Exiled Indian Ocean islanders on Tuesday lost a court challenge launched to prevent Britain from setting up a marine park they suspect is aimed at stopping them from ever returning.
Former residents of the Chagos Islands archipelago in British Indian Ocean Territory say the move to establish a marine protected area (MPA) — which involves a ban on commercial fishing — would effectively prevent them from resettling the atolls.
Britain expelled the Chagossians between 1967 and 1973, relocating them to Mauritius and the Seychelles, to allow the US to establish a naval and air base in the Indian Ocean.
The exiled Chagossians have fought a long series of legal battles for the right to return.
The Chagos Refugees Group claimed the proposed marine area — the world’s largest — is legally flawed.
However, at the High Court in London, judges Stephen Richard and John Mitting ruled that the marine park is indeed “compatible with EU law.”
The vast reserve was created by the territory’s commissioner Colin Roberts on the instructions of then-British foreign secretary David Miliband in April 2010.
Lawyers for the islanders said a classified US government cable leaked by anti-secrecy Web site WikiLeaks supported their accusations.
They said Roberts was reported telling US diplomats at the US embassy in London in May 2009 that the MPA would keep the Chagossians from resettling the islands and mean “no human footprints” in the territory.
In cross-examination, Roberts denied that the marine park was declared for the “improper purpose” of keeping the Chagossians out, saying it was created for environmental and conservation purposes.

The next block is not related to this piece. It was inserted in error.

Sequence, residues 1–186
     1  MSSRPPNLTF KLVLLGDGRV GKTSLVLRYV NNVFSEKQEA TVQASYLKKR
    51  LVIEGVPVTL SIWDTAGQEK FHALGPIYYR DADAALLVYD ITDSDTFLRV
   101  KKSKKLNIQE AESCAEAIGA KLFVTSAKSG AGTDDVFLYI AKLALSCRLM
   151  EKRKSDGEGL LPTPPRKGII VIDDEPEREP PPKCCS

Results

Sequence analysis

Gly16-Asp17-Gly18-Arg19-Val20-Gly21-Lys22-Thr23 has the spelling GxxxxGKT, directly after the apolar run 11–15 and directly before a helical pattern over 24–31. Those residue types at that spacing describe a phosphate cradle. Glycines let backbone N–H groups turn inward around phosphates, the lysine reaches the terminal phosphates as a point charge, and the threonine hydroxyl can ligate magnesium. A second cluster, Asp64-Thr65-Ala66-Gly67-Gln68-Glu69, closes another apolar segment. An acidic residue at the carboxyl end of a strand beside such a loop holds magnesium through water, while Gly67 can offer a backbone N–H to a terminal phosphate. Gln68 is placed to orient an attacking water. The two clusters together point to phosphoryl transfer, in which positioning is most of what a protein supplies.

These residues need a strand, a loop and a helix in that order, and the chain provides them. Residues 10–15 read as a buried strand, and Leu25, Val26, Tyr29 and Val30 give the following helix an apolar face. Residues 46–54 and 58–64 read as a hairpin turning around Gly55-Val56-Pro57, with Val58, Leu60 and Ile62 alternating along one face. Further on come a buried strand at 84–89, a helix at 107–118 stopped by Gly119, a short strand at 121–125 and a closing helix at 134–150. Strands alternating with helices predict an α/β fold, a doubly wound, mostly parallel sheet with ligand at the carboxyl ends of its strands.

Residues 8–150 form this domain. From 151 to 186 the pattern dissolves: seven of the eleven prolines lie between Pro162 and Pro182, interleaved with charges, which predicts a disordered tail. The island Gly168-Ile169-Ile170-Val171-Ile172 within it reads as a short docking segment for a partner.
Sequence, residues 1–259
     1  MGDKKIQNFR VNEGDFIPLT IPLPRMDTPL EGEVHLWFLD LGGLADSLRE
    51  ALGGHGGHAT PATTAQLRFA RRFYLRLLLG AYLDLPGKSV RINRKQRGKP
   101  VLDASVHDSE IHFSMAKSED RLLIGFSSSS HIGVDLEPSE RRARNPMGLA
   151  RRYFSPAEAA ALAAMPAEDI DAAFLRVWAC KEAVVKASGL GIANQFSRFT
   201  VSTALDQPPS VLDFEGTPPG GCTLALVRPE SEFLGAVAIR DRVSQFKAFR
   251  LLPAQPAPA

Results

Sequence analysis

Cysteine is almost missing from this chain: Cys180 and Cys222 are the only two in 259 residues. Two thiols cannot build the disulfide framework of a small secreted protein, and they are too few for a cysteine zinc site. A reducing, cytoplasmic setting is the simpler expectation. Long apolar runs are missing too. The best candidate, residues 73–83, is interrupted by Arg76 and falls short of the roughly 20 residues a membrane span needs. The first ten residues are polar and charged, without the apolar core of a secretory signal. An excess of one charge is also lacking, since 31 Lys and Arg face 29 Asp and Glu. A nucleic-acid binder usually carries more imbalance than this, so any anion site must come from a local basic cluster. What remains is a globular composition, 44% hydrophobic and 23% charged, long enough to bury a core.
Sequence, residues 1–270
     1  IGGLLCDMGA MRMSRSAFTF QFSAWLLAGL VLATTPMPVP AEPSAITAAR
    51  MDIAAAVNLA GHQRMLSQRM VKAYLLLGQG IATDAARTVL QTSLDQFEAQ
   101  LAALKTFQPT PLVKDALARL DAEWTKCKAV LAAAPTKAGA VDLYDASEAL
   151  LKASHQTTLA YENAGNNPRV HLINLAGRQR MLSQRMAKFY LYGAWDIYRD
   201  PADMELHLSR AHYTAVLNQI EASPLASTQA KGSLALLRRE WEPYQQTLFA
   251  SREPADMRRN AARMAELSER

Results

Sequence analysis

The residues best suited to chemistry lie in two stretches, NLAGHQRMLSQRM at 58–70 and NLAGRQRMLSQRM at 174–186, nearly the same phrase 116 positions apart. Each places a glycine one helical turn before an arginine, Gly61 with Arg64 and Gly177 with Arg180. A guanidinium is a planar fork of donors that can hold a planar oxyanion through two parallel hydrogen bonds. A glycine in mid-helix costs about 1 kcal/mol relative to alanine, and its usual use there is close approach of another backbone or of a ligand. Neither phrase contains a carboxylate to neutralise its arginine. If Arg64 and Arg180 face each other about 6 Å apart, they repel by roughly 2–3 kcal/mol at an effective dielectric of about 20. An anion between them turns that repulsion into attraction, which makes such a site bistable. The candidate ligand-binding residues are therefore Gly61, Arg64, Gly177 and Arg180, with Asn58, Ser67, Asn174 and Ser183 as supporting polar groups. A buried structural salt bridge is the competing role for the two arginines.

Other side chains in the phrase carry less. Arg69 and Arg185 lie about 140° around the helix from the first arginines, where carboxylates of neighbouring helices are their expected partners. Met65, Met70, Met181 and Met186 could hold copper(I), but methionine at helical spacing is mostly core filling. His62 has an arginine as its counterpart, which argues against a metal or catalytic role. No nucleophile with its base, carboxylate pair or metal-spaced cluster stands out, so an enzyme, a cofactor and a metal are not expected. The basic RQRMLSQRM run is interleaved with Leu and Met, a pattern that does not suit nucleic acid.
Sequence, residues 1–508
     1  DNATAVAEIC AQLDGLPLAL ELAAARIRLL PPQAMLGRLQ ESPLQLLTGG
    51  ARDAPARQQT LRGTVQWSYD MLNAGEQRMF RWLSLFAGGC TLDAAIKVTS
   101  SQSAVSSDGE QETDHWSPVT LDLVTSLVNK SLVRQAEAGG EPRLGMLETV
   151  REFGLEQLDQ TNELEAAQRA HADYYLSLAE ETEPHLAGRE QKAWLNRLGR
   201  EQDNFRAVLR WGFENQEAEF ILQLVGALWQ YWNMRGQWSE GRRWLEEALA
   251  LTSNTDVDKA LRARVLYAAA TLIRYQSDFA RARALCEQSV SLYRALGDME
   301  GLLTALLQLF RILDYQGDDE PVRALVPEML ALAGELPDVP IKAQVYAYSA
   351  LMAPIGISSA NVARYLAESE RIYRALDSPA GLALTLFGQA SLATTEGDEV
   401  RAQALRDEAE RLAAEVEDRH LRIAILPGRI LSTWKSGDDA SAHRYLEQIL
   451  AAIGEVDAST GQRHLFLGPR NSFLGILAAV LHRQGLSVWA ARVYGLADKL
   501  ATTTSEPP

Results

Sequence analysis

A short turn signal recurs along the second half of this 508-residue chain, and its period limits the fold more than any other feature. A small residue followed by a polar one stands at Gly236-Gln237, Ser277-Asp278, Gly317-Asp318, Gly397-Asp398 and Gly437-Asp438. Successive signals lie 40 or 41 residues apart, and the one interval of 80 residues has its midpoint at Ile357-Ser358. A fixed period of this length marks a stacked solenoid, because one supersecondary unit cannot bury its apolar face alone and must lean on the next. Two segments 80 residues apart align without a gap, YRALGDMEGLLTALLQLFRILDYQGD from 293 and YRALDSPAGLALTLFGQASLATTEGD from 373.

He refused to answer questions about the authenticity and accuracy of the cable.
The judges ruled that British law incorporating the 1961 Vienna Convention on Diplomatic Relations meant the alleged cable was inadmissible in evidence.
Richards said “a truly remarkable set of circumstances” would have had to have existed for the case on improper purpose to be right.
“Those circumstances would provide an unconvincing plot for a novel,” he said.
Sam Brown of the Clifford Chance law firm, who was representing the Chagossians, said the ruling effectively banned documents aired by WikiLeaks from being used in English courts.
The exiled islanders said in a statement: “This is disappointing to Chagossians, some of whom will no longer be able to sustain themselves by continuing our traditional fishing rights, which is the only link we are allowed with our homeland since the UK unlawfully expelled us from our islands.”
“Our return will not endanger the beautiful corals or remaining fish stocks in any way,” they said. “We shall accordingly continue our fight for justice and we are strongly convinced that ultimately victory will be ours.”
They said they were considering whether to appeal.
The British Indian Ocean Territory lies about 500km south of the Maldives.
The main island, Diego Garcia, is now populated by US military personnel, civilian contractors and some British service personnel. They number a few thousand in total.